Many years ago, I participated in a large, sophisticated neighborhood babysitting co-op. We had officers, regular meetings, even occasional socials. Everyone was pleasant—everyone got along.
Then one day, our co-op changed. Someone hinted that a few members were misusing it—dropping off their feverish, green-snotted kids when they shouldn't have, taking advantage of others' availability without repaying in kind. Suddenly, factions formed. Innuendoes spread. Knots of neighbors gossiped in hushed tones while standing on driveways or sitting on decks. A once-friendly network found itself deeply, emotionally divided. Women who once were chums no longer stopped by and chatted or drove by and waved.
The apostle James calls the tongue "a fire, a world of evil among the parts of the body. It corrupts the whole person, sets the whole course of his life on fire, and is itself set on fire by hell" (James 2:6). I saw firsthand how tongues inflamed and corrupted relationships within my suburban subdivision that year.
Thankfully, I was more bystander than perpetrator in this particular relational meltdown. But I haven't always been innocent when it comes to gossip.
One case stands out in my mind: While attending a two-day retreat with a friend, she and I shared a hotel room. That night, we started gabbing about ourselves, our jobs, our churches. Soon we were on a conversational roll, picking apart everyone we knew in common. Suddenly, I panicked: What if the person in the next room can hear our conversation? I was horrified, thinking someone could listen in on my unfiltered speech. But even more terrifying was remembering God hears my every word—not to mention knows my every thought.
Just the other day, I read Matthew 12, in which the Pharisees suggest Jesus' ability to cast out demons comes from Beelzebub, not God. In verses 33-37, Jesus says, "For out of the overflow of the heart the mouth speaks. The good man brings good things out of the good stored up in him, and the evil man brings evil things out of the evil stored up in him. But I tell you that men will have to give account on the day of judgment for every careless word they have spoken. For by your words you will be acquitted, and by your words you will be condemned."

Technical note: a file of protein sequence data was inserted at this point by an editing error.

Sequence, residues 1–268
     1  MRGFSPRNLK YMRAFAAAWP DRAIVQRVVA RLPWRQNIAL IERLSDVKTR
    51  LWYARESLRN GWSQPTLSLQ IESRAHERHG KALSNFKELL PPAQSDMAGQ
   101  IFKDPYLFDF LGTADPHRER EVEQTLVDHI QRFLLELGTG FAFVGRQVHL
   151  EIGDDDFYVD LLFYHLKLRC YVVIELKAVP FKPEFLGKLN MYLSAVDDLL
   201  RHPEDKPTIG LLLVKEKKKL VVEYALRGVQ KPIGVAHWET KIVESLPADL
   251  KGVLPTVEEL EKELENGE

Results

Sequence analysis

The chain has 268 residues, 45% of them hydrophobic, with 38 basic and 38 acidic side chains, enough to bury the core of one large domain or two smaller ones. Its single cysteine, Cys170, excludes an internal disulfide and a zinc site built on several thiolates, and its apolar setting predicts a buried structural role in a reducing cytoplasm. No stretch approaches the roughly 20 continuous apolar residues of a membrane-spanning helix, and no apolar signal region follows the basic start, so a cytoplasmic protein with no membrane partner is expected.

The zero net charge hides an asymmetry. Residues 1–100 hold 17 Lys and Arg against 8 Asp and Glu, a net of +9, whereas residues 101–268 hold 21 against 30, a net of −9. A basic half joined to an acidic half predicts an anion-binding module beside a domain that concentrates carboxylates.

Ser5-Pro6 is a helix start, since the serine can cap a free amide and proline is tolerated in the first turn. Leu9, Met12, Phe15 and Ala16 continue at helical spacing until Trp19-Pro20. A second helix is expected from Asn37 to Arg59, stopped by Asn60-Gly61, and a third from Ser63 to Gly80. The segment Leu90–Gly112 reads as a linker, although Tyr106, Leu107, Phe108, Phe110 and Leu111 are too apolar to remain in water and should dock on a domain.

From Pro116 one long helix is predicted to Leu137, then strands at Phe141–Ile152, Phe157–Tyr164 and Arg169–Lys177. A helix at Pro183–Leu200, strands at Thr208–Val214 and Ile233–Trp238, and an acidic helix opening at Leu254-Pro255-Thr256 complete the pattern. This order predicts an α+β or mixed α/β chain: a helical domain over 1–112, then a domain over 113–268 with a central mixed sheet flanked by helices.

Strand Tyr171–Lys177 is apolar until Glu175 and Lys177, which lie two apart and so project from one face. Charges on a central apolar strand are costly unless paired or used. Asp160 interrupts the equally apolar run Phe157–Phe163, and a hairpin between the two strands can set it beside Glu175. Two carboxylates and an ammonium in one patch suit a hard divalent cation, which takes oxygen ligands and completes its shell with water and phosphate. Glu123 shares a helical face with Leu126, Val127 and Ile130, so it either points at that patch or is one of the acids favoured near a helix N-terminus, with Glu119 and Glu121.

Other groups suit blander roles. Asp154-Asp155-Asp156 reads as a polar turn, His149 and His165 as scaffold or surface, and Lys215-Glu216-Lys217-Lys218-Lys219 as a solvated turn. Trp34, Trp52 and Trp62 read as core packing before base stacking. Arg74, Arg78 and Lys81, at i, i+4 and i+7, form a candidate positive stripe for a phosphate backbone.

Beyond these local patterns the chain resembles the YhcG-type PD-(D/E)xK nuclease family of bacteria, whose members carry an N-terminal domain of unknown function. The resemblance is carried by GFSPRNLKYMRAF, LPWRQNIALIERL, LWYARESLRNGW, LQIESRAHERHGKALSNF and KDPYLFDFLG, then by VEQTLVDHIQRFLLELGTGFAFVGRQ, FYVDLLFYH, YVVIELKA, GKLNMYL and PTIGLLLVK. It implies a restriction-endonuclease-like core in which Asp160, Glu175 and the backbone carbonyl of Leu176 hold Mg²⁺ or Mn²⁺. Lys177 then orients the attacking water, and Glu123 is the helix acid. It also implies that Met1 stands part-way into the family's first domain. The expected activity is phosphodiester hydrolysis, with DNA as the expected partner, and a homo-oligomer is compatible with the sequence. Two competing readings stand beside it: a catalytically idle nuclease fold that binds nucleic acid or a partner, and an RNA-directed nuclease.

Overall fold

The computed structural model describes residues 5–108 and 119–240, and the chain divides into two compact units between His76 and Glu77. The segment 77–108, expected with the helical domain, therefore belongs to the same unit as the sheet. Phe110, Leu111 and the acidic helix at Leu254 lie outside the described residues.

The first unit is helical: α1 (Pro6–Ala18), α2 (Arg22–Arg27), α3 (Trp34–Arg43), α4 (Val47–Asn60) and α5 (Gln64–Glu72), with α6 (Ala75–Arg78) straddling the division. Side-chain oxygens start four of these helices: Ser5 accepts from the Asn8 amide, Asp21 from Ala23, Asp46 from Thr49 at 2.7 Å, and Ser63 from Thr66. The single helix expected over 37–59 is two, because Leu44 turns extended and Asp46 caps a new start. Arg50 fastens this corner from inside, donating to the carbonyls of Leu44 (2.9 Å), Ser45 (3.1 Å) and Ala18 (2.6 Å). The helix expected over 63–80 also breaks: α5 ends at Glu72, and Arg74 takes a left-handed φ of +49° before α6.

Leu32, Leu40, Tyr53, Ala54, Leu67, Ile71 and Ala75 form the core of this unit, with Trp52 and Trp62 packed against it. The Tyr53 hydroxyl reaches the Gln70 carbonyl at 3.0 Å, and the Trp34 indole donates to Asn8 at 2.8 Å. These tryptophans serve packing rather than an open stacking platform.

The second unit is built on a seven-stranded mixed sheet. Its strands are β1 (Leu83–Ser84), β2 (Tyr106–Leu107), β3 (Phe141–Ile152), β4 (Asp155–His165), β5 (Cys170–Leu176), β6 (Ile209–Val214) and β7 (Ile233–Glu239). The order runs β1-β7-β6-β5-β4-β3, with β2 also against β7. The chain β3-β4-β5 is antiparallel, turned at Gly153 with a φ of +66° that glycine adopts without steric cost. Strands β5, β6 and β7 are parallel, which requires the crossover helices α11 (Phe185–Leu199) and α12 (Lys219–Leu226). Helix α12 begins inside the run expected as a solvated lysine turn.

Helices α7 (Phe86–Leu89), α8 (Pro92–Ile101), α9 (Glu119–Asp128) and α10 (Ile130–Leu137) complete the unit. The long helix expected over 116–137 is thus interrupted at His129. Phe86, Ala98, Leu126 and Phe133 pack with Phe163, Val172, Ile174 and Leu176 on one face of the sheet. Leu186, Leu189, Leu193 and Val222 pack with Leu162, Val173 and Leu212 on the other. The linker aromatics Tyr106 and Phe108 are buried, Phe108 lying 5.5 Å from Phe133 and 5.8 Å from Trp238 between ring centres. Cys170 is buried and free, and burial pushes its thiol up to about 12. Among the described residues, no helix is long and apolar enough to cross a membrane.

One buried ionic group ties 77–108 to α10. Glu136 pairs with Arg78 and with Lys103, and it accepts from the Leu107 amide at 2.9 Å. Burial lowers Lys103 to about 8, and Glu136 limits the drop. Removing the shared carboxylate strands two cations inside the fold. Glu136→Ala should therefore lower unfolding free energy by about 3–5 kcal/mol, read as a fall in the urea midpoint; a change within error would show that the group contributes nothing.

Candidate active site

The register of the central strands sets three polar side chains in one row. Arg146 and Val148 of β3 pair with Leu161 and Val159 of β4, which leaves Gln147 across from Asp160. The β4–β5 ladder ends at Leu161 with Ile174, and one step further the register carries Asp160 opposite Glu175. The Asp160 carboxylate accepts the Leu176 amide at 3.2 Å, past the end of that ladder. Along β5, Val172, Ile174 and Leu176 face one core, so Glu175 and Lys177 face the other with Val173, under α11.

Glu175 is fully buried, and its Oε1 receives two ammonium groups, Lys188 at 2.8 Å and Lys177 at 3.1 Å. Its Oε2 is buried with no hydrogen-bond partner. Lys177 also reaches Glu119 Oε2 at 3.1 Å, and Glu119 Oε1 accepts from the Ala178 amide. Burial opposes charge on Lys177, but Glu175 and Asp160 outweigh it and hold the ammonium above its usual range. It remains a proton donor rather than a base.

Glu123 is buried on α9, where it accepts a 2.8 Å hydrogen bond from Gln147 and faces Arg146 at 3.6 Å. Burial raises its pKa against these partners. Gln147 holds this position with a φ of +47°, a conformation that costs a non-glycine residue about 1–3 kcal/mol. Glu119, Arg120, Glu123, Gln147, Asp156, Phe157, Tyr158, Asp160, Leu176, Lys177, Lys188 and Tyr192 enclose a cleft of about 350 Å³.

For every careless word I've spoken.
How convicting! In an adaptation of the judgment at the Great White Throne (Revelation 20:11,12), I imagine every hypocritical comment I ever made or every catty remark I ever said, replayed on a giant movie screen in heaven for all to view. There will be no hiding then.
Recently I've had to work at censoring careless words about a relative's inflammatory tongue. That's because whenever I've recounted to my close friends the latest searing episode, I've relished it too much. I'm realizing my motivation's less about godly concern over the situation and more about making myself seem better by contrast. I've discovered I often disarmingly disguise my own fiery tongue. I need to confront and confess this propensity, and ask God for forgiveness.
No matter what kind of thrill we get from gossip's conspiratorial camaraderie, no matter what kind of secret power we feel or false sense of self-esteem we derive, gossip undermines our relationship to others—and, most important, to God. The timbre of our speech reveals the content of our hearts. And that truth is sobering indeed.
Do you struggle with gossip? Have you ever been the victim of gossip? How do you try to tame your tongue?
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